In the same year that his successful six-part serial novel The Green Mile came out, King released two additional novels on the same day in September — The Regulators (under the name of King’s long-retired pseudonym, Richard Bachman) and Desperation (690 pages), about an ancient evil that takes over a secluded Nevada town. The two books were distorted mirror images of each other, featuring the same cast of characters in different situations. Desperation grapples with the idea of an absent, and sometimes cruel, God.
King: I was raised in a religious household, and I really wanted to give God his due in this book. So often, in novels of the supernatural, God is a sort of kryptonite substance, or like holy water to a vampire. You just bring on God, and you say “in his name,” and the evil thing disappears. But God as a real force in human lives is a lot more complex than that. And I wanted to say that in Desperation. God doesn’t always let the good guys win.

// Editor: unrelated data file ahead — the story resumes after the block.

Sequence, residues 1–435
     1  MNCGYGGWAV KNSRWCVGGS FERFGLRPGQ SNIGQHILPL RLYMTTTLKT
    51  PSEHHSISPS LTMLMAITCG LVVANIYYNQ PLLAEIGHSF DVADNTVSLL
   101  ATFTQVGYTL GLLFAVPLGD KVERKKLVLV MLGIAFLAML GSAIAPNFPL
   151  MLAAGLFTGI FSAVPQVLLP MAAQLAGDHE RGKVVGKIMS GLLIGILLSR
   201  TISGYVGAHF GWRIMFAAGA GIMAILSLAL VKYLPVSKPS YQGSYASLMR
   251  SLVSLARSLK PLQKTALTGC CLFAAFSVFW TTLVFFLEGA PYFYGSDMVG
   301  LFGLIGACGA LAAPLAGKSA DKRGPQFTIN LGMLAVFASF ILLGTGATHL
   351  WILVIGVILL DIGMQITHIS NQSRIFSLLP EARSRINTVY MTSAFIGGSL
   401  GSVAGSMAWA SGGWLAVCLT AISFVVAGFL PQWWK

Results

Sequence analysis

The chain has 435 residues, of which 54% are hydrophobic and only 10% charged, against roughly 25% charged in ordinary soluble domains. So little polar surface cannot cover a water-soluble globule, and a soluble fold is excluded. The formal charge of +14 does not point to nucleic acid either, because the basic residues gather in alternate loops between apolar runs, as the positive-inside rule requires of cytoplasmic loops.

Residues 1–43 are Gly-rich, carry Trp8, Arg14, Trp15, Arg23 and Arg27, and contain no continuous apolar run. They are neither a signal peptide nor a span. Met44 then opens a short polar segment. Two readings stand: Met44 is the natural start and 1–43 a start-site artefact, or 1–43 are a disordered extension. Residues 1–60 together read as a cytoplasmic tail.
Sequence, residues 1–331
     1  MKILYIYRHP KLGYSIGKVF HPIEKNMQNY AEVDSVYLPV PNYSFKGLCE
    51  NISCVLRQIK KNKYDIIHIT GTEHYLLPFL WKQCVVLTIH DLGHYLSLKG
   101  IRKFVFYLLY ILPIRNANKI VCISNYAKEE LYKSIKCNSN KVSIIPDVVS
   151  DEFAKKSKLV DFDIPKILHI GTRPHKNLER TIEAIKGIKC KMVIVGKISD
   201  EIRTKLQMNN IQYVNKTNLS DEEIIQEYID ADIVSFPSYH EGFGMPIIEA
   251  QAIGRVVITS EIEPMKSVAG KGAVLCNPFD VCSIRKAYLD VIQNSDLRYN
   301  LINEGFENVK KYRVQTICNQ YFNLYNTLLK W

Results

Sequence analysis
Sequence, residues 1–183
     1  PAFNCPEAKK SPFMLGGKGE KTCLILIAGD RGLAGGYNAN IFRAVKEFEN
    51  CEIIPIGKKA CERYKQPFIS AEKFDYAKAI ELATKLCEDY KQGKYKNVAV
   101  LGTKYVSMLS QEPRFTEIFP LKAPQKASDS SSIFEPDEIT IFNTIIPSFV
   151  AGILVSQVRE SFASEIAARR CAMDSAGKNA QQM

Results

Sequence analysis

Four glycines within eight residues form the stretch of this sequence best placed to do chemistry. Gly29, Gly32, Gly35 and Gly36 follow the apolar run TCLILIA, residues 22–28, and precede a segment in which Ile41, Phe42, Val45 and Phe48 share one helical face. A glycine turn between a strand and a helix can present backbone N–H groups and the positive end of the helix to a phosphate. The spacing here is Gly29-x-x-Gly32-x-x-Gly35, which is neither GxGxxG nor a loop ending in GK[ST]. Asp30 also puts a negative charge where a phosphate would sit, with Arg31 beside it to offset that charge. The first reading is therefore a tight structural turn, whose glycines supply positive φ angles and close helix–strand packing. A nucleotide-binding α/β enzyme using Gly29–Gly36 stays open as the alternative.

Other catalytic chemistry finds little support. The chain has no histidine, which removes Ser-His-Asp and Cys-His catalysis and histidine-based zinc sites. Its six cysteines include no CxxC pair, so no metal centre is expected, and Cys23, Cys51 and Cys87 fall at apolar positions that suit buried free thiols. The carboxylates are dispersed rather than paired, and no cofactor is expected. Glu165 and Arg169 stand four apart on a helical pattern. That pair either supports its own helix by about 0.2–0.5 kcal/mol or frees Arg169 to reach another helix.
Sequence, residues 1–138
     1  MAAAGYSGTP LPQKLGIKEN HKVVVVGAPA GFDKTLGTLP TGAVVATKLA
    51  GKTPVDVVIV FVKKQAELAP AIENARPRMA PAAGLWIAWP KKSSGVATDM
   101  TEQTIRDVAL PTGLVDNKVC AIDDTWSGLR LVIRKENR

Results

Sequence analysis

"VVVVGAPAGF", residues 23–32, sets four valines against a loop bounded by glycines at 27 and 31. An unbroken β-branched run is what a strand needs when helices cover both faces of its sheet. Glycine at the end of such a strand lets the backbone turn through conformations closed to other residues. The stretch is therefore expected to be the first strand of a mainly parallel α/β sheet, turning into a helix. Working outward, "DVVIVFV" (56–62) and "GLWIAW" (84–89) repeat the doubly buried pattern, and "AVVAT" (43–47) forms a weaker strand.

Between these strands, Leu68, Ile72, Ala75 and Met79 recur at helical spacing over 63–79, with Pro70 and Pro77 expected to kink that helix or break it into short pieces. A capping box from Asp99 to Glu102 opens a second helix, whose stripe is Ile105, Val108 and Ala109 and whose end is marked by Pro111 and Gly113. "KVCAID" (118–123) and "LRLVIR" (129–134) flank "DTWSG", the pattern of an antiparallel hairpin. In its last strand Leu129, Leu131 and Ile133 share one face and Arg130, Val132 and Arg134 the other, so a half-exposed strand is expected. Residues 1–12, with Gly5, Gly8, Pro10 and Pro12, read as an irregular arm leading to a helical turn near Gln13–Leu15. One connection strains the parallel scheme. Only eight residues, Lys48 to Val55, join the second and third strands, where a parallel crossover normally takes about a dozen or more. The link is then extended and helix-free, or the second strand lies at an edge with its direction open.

I always wanted to say that you can still reconcile the idea that things are not necessarily going to go well without falling back on platitudes like “God has a plan” and “This is for the greater good.” It’s possible to be in pain and still believe that there is some force for good in the universe. That certainly doesn’t mean to say that everybody should go out and join the First United Church of My God Is Bigger Than Your God. That’s half the trouble with the world. Maybe more.
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